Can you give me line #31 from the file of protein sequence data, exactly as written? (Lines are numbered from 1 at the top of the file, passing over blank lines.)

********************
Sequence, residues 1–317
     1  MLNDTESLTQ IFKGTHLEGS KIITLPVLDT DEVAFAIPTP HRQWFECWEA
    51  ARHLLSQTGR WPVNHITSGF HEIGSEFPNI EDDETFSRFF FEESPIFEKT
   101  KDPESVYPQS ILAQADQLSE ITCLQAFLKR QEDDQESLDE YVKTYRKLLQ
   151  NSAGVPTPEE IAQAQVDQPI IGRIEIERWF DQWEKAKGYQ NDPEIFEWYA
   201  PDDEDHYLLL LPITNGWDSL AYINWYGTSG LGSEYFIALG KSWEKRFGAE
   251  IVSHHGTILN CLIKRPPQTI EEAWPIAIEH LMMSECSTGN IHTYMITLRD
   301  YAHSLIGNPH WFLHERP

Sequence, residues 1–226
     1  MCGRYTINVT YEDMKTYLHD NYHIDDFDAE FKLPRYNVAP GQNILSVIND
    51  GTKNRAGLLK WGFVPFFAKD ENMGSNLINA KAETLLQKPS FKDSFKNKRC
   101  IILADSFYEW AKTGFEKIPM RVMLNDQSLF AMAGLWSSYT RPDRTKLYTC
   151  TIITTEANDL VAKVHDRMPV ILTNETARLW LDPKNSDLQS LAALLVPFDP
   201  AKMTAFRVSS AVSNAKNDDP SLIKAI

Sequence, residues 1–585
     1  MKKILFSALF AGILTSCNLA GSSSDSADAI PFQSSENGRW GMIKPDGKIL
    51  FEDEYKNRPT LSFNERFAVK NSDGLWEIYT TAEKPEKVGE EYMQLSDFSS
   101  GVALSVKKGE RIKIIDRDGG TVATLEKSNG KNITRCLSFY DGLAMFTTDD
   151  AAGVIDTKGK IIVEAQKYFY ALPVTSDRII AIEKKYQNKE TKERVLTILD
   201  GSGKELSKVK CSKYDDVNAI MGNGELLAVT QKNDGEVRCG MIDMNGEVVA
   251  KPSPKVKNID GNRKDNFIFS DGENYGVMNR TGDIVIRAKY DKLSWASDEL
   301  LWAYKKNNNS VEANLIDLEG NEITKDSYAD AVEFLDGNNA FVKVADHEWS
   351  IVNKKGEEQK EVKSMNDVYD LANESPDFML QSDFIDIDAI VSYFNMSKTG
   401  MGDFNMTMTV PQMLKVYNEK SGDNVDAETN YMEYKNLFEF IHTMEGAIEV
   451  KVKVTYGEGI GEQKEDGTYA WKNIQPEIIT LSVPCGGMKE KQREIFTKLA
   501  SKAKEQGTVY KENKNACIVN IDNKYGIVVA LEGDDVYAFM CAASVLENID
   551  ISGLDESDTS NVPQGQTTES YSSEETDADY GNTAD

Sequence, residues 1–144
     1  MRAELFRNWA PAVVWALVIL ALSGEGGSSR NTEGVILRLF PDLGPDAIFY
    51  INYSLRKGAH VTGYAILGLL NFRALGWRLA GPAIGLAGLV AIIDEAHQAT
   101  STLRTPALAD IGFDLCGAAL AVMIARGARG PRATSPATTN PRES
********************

   101  STLRTPALAD IGFDLCGAAL AVMIARGARG PRATSPATTN PRES